Recovered from the Wayback Machine.
One new errata that is going in for the book is the following:
Several examples in the book use document.write, but with an XHTML doctype. The document.write or document.writeln functions do not work with XHTML when the page is served with the application/xhtml+XML MIME type. The examples in the book work with the most common browsers because the examples have an .htm extension. These pages are served up with an HTML MIME type, regardless
of which DOCTYPE was used, therefore the use of document.write or innerHTML does not fail. When the page is loaded with an XHTML MIME Type, though, the examples will fail.
The examples will work in the most common browsers, and to ensure they continue to do so, you can change the DOCTYPE to an HTML one, though you’ll need to modify automatic closings such as that on the meta tag (remove the ending ‘/’) if you want them to validate.
The author is apologetic for not explaining this in Chapter 1. The alternative is to use the DOM to create new page elements and append to the document, but since this wasn’t covered until later in the book, document.write was used instead.
Typically, you’ll want to use the DOM, just because this ensures the examples work fully with XHTML, as well as HTML. To see this demonstrated more fully, the author is working on modified examples using DOM calls and ensuring the examples work as XHTML. As soon as these are finished, they will be posted and a note added to this errata page.
In this, the DOCTYPE is XHTML but the page is served up as HTML. As Anne Van Kesteren succinctly puts it it doesn’t matter what DOCTYPE you use if the page is served up as text/html. And yes, I am using document.write and innerHTML, bad me.
I don’t necessarily share in the universal condemnation of document.write or innerHTML, especially when you’re learning. I have 98 examples in the book, and a simple document.write sure saves on book space rather than having to use the DOM to get document, and use create element and create text node and append and yada yada. What I should have done, though, is create a library and make my own version of ‘write’ that is XHTML friendly, and used this. Note, though, that in the book I don’t cover the DOM until chapter 11, so the only alternatives I had were document.write or an alert, and the latter doesn’t work if you’re using focus and blur events.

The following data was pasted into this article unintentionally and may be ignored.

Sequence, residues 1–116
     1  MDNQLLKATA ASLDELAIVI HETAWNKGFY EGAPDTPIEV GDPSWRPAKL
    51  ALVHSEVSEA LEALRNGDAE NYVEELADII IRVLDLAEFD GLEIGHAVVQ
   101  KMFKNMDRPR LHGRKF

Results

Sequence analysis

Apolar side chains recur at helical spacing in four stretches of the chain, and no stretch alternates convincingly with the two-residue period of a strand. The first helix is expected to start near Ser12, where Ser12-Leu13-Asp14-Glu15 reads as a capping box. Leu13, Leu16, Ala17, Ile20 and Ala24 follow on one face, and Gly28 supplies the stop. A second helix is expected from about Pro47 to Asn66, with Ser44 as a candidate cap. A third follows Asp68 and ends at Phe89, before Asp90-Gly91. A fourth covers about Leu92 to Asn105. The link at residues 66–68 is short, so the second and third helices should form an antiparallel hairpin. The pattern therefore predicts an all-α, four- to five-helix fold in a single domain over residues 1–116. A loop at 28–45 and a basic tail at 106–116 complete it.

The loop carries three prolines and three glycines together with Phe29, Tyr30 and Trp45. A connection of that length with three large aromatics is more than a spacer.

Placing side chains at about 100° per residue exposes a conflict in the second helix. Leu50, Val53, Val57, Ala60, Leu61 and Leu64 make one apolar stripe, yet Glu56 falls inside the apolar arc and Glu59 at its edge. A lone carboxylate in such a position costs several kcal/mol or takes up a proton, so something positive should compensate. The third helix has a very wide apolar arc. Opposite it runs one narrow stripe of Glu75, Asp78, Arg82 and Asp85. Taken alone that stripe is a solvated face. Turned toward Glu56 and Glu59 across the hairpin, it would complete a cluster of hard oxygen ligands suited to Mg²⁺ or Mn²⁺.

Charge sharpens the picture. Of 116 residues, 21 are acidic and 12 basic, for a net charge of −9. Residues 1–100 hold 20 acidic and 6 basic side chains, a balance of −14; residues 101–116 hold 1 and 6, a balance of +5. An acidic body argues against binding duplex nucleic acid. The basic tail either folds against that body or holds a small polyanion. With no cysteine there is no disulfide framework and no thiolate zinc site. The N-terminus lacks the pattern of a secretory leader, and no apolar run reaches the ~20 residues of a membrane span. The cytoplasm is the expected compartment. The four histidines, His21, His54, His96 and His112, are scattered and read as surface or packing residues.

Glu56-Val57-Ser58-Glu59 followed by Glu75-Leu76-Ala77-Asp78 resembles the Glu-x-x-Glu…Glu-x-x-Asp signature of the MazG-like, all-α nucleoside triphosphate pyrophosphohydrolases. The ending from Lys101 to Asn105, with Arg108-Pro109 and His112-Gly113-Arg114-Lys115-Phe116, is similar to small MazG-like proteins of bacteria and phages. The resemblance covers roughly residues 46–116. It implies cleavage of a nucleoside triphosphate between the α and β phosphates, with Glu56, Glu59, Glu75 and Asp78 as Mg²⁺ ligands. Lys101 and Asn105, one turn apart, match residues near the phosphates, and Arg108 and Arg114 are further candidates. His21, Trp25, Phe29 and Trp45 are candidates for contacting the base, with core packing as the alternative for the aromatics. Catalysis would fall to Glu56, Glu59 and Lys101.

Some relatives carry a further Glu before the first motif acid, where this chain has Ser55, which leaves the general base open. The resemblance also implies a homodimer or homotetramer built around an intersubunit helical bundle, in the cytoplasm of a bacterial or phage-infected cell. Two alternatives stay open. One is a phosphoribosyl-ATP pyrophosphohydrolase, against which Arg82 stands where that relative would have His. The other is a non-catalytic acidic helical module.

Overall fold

However, in pages where I used document.write, I should have used an HTML DOCTYPE, and also made mention of document.write and its incompatibility with XHTML. I should also have covered this in more detail in chapter 1. I should have also covered quirks mode in more detail in chapter 1.
As for innerHTML, now that one is open for debate. There’s bunches of Ajax developers who will only give up their innerHTML if you pry if from their cold, dead browser. BUT, it’s also not XHTML friendly, though it is the handiest darn thing (and again, one could create a library alternative).
The reason why these are a problem is they both allow us to add XHTML formatted data directly to the document, but without going through the XHTML validation process. When one serves valid XHTML, one doesn’t want one’s page developer putting crufty XML or HTML into one’s perfectly lovely XML formatted document. Gives one heartburn, causes one to tear hair out, does odd things to one’s browser and so on.
For now, I asked O’Reilly to put in this errata. Next, I’m going through all of the examples and updating them to be more forward looking and using the DOM, only. These will be provided as secondary downloads, because comparing the two–the original example and the modified–is a learning experience in itself.
Here’s a discussion on the problem and code workaround. Note that both Google Maps and Google’s adSense use document.write, so I’m in good company–the use of these really are ubiquitous, but NOT a best practice, so no excuse for me.